The televised election debates, which have now been confirmed, are good news for democratic engagement.
It is to the credit of both Gordon Brown and David Cameron that they will take place. Once they happen the first time, I expect they will become routinely part of election campaigns.
Parochial partisan concerns that they could (mildly) boost the Liberal Democrats are a poor reason to refuse to join the large number of Parliamentary democracies who regularly hold such debates, as Jonathan Isaby argues well on ConservativeHome.
What is much less likely is that they will prove game-changers in the campaign. As I noted in a previous post. Even a (rare) clear points victory may not mean that much on election day, as Germany's Frank Walter Steinmeier found out in last Autumn's German campaign.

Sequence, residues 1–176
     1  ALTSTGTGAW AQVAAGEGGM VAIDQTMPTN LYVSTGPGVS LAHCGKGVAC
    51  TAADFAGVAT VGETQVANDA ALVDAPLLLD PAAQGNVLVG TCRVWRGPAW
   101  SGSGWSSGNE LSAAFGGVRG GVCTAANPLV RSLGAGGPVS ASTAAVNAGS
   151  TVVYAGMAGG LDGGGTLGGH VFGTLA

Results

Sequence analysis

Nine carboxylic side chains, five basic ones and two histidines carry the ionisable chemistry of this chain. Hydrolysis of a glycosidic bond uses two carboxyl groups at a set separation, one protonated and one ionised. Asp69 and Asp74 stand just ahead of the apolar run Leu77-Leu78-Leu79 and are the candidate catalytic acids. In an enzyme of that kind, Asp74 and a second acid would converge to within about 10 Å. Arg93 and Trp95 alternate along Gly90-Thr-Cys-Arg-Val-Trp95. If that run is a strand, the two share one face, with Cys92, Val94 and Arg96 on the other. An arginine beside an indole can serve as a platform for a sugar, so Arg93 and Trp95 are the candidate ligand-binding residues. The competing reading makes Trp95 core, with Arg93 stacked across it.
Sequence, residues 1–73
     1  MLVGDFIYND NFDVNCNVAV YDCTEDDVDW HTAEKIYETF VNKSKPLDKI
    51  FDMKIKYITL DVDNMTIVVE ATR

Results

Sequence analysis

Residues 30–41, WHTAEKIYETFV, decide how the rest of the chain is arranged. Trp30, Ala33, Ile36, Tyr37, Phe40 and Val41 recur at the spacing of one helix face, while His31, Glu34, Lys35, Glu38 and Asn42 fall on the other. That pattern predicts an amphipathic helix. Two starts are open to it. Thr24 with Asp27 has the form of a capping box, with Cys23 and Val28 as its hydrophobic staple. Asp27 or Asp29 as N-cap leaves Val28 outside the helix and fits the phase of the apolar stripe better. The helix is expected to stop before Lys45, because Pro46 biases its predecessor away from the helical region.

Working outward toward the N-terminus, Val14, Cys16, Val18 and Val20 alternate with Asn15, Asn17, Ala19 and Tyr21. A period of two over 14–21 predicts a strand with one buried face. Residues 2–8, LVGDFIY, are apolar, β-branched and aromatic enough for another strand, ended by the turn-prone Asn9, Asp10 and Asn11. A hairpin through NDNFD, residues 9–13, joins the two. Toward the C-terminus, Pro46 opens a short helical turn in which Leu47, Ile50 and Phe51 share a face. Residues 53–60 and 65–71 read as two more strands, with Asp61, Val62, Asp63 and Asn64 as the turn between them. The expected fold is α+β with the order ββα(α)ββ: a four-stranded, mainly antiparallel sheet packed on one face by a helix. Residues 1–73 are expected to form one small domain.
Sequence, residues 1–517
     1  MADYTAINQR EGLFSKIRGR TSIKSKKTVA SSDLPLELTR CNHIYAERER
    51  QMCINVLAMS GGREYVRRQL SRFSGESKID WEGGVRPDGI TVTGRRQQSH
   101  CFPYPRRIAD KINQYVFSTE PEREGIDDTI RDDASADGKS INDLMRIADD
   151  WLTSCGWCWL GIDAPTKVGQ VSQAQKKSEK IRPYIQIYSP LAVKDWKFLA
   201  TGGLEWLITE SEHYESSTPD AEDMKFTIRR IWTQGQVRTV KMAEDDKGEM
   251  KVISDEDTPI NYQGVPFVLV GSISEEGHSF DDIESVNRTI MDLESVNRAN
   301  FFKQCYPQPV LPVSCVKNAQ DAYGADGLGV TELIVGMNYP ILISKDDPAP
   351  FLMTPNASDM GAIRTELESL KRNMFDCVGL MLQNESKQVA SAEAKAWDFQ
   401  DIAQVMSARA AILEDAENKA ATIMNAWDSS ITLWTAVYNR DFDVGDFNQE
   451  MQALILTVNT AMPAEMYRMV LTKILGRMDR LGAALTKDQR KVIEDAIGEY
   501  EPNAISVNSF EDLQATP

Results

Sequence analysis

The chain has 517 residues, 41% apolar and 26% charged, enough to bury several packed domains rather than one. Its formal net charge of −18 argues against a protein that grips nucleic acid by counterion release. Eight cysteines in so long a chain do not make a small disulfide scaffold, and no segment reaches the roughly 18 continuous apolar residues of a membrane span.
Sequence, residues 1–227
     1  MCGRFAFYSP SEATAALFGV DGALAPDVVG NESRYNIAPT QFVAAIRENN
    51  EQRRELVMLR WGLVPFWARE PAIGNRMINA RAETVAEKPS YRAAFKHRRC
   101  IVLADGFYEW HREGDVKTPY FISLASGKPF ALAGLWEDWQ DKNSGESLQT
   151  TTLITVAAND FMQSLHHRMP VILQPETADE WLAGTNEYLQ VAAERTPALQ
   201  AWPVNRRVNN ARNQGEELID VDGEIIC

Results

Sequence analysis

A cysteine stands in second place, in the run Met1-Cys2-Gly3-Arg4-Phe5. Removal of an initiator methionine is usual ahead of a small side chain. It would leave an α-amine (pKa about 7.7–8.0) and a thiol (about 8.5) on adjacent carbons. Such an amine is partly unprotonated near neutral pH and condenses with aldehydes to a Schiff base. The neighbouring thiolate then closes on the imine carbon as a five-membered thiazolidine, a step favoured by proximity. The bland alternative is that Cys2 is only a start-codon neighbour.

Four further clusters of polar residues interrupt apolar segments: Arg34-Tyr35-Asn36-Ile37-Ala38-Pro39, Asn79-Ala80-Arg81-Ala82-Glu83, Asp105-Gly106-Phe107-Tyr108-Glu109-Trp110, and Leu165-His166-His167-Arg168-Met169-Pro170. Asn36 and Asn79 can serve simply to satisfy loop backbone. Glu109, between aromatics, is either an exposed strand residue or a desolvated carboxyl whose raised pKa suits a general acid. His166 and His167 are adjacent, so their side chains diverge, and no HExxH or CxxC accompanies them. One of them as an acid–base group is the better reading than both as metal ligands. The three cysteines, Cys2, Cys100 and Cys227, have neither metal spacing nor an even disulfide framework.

But nor is the common concern that they dumb down political debate from where we are now convincing. In fact, we will see ten to fifteen million people watching some of the straightest "talking head TV" since the black and white age of AJP Taylor. Simon Cowell's production advice will not be needed.
The broadcasters may be thinking about what they can do with audience participation to liven this up.
Here's an idea: don't!